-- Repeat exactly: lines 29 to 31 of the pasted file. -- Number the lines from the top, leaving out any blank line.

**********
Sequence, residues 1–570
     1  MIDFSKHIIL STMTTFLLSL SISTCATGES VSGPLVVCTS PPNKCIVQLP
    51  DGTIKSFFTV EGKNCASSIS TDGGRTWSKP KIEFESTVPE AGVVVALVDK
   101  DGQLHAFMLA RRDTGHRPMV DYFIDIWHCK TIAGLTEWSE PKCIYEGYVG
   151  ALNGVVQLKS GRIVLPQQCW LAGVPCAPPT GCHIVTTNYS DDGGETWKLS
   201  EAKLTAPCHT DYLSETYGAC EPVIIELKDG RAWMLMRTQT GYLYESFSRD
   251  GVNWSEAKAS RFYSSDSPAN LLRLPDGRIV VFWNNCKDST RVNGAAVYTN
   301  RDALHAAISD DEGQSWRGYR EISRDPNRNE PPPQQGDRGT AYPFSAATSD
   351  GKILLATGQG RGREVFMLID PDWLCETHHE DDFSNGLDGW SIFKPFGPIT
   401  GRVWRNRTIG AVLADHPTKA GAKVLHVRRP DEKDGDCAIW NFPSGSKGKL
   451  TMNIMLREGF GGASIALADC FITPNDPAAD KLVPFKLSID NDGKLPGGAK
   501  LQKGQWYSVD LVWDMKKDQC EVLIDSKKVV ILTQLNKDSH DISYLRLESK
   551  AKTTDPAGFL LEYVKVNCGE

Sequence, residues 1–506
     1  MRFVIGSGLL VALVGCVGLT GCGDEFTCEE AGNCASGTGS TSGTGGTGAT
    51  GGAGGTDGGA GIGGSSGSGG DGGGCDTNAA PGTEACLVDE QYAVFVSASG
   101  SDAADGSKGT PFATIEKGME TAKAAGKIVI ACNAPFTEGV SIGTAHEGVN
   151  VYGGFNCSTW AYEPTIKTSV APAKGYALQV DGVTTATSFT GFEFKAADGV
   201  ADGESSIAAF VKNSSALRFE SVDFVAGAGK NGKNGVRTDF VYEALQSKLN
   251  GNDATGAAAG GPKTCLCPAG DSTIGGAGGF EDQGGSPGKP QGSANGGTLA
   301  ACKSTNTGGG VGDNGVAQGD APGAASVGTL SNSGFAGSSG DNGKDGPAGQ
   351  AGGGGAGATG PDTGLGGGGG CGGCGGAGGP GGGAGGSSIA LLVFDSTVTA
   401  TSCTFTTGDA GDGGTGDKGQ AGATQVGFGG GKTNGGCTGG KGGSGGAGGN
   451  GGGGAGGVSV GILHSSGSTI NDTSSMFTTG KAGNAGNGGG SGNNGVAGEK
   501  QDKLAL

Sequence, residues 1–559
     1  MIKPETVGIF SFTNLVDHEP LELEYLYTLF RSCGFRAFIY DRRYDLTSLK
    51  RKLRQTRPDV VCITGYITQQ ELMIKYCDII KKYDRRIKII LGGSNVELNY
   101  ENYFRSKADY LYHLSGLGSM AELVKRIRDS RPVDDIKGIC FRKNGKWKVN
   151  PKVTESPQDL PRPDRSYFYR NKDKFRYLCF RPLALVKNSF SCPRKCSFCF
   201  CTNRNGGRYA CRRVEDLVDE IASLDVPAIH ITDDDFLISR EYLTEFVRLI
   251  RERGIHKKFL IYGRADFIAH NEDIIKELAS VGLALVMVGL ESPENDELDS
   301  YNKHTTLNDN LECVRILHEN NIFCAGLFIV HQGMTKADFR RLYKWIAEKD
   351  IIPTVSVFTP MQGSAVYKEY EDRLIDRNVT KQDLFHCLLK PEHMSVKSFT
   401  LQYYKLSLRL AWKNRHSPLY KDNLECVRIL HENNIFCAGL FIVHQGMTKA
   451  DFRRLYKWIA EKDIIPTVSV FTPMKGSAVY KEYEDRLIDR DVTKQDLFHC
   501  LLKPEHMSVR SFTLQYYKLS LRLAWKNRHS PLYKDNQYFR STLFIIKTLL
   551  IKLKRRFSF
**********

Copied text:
   101  ENYFRSKADY LYHLSGLGSM AELVKRIRDS RPVDDIKGIC FRKNGKWKVN
   151  PKVTESPQDL PRPDRSYFYR NKDKFRYLCF RPLALVKNSF SCPRKCSFCF
   201  CTNRNGGRYA CRRVEDLVDE IASLDVPAIH ITDDDFLISR EYLTEFVRLI